A mentoring relationship is a very personal one, which is often very important to the mentee, so, as a mentor, you need to get to know your mentee personally, about their hopes and dreams, so you can help them in a way that meets their personal best interest. For this reason, a parent is often not a good mentor for their child, as their parenting relationship and emotional connection will influence their guidance. That's not to say that a parent can never provide a mentoring moment for their child - they can - however, aparent can't be as objective as a person who's independent of the parenting role. In the same way, a manager is also not the best person to mentor someone on their team, as they'll often have a conflict of interest to contend with, between what's in the best interest of each individual and what's in the best interest of their team.

4. Share your experiences and insights

In doing so, choose stories that you feel are appropriate and helpful, but do so in a neutral way, without any attachment to how your mentee will use this learning. Be open to sharing your mistakes and failures too, as these are often where our biggest lessons are learned. It will also help your mentee be aware that challenges will arise, and the way you dealt with the situation might also help them gain insight about how to build resilience.

5. Ask open questions

Asking your mentee open questions will help you as a mentor to identify their real needs, values and passions. It's also a great way to get your mentee to think through situations themselves and draw out the consequences of the various choices or courses of action they can take. During these conversations, you can share your wisdom, without making decisions for your mentee. That's their job.

6. Act as a sounding board

Mentees benefit greatly from the opportunity of having a good mentor listen to them. Allow them to explore their thoughts and ideas openly with you. This will often help them unravel their thinking and gain insights about a situation as they share their concerns with you.

7. Provide a fresh perspective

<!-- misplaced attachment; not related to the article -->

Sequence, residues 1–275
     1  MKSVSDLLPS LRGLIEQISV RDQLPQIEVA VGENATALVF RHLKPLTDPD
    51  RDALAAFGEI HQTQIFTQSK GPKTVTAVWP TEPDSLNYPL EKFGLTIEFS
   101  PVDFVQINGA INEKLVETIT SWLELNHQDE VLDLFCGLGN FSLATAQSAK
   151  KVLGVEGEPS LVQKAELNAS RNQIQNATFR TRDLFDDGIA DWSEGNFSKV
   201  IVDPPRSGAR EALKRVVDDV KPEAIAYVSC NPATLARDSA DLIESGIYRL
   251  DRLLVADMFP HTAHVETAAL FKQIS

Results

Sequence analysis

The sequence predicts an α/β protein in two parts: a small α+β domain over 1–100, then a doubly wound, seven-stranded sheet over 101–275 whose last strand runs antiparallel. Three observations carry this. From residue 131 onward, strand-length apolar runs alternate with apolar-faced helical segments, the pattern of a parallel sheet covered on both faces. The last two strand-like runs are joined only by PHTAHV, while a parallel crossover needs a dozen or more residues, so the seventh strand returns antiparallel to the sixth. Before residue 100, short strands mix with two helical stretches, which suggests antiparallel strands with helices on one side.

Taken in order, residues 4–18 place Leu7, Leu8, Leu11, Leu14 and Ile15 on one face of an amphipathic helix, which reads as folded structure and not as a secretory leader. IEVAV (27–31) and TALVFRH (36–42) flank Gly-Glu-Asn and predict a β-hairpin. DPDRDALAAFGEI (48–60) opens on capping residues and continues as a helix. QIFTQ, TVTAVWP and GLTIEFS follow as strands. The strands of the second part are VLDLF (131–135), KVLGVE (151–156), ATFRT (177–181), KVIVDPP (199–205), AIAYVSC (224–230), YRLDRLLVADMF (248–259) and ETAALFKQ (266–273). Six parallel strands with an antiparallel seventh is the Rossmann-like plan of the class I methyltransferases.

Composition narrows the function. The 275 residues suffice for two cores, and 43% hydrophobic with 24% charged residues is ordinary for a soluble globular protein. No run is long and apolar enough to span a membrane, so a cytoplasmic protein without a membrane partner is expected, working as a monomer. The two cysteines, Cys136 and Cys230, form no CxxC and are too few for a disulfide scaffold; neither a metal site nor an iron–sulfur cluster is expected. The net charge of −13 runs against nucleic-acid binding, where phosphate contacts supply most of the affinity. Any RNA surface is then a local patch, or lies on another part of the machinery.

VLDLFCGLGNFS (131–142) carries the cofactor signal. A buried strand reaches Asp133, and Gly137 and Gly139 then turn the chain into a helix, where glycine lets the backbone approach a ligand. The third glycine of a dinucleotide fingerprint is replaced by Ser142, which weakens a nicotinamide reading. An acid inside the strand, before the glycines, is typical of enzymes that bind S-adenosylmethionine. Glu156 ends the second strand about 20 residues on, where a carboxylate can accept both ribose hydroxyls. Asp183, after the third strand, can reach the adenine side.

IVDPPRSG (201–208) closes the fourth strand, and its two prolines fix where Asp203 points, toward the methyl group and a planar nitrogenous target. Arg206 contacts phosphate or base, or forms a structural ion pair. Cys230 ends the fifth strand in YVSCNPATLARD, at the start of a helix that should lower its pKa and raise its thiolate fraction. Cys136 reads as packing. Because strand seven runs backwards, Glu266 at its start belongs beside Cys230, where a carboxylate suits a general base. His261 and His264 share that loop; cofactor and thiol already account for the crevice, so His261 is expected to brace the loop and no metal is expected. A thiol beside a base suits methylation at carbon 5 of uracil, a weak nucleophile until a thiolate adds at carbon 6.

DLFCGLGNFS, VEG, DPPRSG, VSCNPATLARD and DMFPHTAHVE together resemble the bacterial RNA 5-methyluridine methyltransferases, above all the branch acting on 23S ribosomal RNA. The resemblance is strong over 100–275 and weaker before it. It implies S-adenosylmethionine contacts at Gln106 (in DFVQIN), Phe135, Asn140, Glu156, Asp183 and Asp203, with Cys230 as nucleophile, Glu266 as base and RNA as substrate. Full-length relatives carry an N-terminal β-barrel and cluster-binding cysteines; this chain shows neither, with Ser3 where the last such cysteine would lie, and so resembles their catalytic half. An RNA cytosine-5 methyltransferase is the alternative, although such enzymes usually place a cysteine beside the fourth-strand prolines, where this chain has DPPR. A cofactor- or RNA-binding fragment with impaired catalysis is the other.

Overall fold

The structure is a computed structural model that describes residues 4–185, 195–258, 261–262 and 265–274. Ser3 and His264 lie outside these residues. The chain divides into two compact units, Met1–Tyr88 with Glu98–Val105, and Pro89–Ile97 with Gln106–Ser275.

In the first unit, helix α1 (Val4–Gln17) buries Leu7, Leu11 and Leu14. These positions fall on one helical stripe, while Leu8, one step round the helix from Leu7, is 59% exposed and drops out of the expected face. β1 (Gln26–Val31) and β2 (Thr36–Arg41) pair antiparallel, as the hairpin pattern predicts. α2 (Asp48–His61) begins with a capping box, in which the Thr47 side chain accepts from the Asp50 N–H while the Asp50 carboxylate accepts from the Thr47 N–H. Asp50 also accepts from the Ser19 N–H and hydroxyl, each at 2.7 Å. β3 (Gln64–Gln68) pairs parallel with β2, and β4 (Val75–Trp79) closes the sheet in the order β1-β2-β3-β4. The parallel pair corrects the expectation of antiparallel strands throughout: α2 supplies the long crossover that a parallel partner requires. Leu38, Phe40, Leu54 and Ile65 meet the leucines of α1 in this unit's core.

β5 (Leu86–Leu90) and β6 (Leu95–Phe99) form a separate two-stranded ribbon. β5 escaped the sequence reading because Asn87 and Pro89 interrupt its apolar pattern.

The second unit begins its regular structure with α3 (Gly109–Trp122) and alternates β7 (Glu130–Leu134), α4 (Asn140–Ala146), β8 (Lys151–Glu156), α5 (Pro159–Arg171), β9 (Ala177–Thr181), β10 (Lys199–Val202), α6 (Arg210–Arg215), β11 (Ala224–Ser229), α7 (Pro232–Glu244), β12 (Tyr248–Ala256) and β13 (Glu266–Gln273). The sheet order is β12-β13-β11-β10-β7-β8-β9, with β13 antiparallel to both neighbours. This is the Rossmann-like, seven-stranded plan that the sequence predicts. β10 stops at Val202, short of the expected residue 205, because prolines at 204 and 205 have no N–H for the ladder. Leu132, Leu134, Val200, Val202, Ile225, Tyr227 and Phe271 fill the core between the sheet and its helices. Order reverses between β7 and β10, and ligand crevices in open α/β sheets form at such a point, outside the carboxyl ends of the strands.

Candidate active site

One of the benefits of working with a mentor is that a good mentor will often provide their mentee with a fresh perspective on an issue. A good mentor will often have the clarity of distance from an issue or problem that's needed to provide objective feedback to their mentee. They can also hold up a 'mirror' to the mentee to, for example, let the mentee see what their behaviour looks like to others.

8. Provide helpful feedback

Not all feedback is helpful. A good mentor knows this and will deliver feedback in a way that will help their mentee gain insight to further develop specific qualities or skills. For example, a good mentor will always ask for permission to give feedback before doing so. Giving unwelcome feedback can be detrimental to any mentoring relationship. Instead, explain what you'd like to talk about first and highlight the benefits of doing this.

9. Acknowledge achievements

Highlight for your mentee any achievements they might have forgotten, to help build their confidence. Remember to celebrate their successes on your mentoring journey too

10. Offer your advice but only if your mentee asks for it

It can be very tempting for a mentor to just jump in and offer advice before a mentee has actually asked for it, especially when you've dealt with a similar situation yourself. Being a sounding board for

your mentee, allowing them to discuss the situation with you, then helping them to think through the situation by asking them questions to draw out the consequences of various actions, is always more empowering for a mentee than advising them what to do. It helps them work through the issue and come to their own conclusions. By doing so, you ultimately help them to learn to think through issues themselves and trust their own judgement, both valuable life skills.